William Henry Hudson
|Born||4 August 1841|
Quilmes, Buenos Aires Province, Argentina
|Died||18 August 1922 (aged 81)|
Kensington, London, England
|Known for||Green Mansions (novel)|
Hudson was the son of Daniel Hudson and his wife Catherine (née Kemble), United States settlers of English and Irish origin. He was born and lived his first years in a small estancia called "25 Ombues" in what is now Ingeniero Allan, Florencio Varela, Argentina.
In 1846 the family established a pulpería further south, in the surroundings of Chascomús, not far from the lake of the same name. In this natural environment, Hudson spent his youth studying the local flora and fauna and observing both natural and human dramas on what was then a lawless frontier, while publishing his ornithological work in Proceedings of the Royal Zoological Society initially in an English mingled with Spanish idioms. He had a special love for Patagonia.
Hudson emigrated to England in 1874, taking up residence at St Luke's Road in Bayswater, where he continued to live for most of his life; in 1876 he married his landlady, the former singer Emily Wingrave, in Kensington, London. She was his senior by some years (sources differ). He supported himself as a writer and journalist; the couple had no children. Hudson himself obtained British citizenship on 4 July 1900.
Hudson was a friend of the late-19th century English author George Gissing, whom he met in 1889. They corresponded up until the latter's death in 1903, occasionally exchanging their publications, discussing literary and scientific matters and commenting on their respective access to books and newspapers, a matter of supreme importance to Gissing.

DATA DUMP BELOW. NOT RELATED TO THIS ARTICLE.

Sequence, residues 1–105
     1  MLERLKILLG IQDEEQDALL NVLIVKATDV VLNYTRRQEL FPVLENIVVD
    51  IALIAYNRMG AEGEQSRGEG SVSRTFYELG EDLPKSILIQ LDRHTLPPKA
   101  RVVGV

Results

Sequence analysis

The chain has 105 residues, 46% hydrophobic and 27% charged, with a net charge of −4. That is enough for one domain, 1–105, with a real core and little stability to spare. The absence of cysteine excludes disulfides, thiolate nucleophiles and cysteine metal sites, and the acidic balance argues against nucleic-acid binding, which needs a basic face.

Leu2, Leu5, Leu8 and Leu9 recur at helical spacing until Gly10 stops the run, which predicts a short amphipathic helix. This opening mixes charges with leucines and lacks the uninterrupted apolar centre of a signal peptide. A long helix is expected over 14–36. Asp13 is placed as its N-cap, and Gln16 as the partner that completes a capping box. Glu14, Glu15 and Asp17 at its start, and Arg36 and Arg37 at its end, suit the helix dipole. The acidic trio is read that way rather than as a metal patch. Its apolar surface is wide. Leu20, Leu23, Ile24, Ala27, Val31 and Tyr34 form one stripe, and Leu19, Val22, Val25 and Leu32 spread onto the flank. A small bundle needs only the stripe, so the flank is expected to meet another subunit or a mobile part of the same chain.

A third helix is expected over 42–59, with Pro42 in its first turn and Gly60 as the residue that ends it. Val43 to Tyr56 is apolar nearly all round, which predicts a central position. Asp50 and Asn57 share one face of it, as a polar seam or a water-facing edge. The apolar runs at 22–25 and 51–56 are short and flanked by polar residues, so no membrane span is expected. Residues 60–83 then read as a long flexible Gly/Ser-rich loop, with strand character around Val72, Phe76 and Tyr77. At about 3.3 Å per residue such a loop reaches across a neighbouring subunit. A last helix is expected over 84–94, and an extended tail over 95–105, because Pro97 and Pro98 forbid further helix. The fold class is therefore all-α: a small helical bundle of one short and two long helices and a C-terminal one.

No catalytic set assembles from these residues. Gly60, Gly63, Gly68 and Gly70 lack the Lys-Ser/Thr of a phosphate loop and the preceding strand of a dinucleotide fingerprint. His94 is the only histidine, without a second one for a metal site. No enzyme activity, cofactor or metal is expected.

After his wife became an invalid and moved, in 1911, to Worthing in Sussex, England, Hudson lived apart from his wife "for reasons of his own health", though it is clear from their abundant surviving correspondence that Hudson visited her frequently, and they remained on affectionate terms.
He produced a series of ornithological studies, including Argentine Ornithology (1888–1899) and British Birds (1895), and later achieved fame with his books on the English countryside, including Hampshire Days (1903), Afoot in England (1909) and A Shepherd's Life (1910), which helped foster the back-to-nature movement of the 1920s and 1930s and was set in Wiltshire.
Hudson was an advocate of Lamarckian evolution. He was a critic of Darwinism and defended vitalism. He was influenced by the non-Darwinian evolutionary writings of Samuel Butler. He was an early member of the Royal Society for the Protection of Birds.
The Hudson Memorial Bird Sanctuary in Hyde Park, London includes a carved stone memorial by Sir Jacob Epstein representing Rima, the child goddess of nature, who featured in Hudson's novel Green Mansions. The engravings are by the designer Eric Gill.
Ernest Hemingway referred to Hudson's The Purple Land (1885) in his novel The Sun Also Rises, and to Far Away and Long Ago in his posthumous novel The Garden of Eden (1986). He listed Far Away and Long Ago in a suggested reading list for a young writer.
James Rebanks' 2015 book The Shepherd's Life about a Lake District farmer was inspired by Hudson's work of the same name: "But even more than Orwell or Hemingway, W.H. Hudson turned me into a book obsessive ..." (p. 115), and: "One day, I pulled A Shepherd's Life by W.H. Hudson from the bookcase ...and the sudden life-changing realization it gave me that we could be in books – great books." (p. 114)
In Argentina, Hudson is considered to belong to the national literature as Guillermo Enrique Hudson, the Spanish version of his name. A town in Berazategui Partido and several other public places and institutions are named after him. The town of Hudson in Buenos Aires Province is named for him.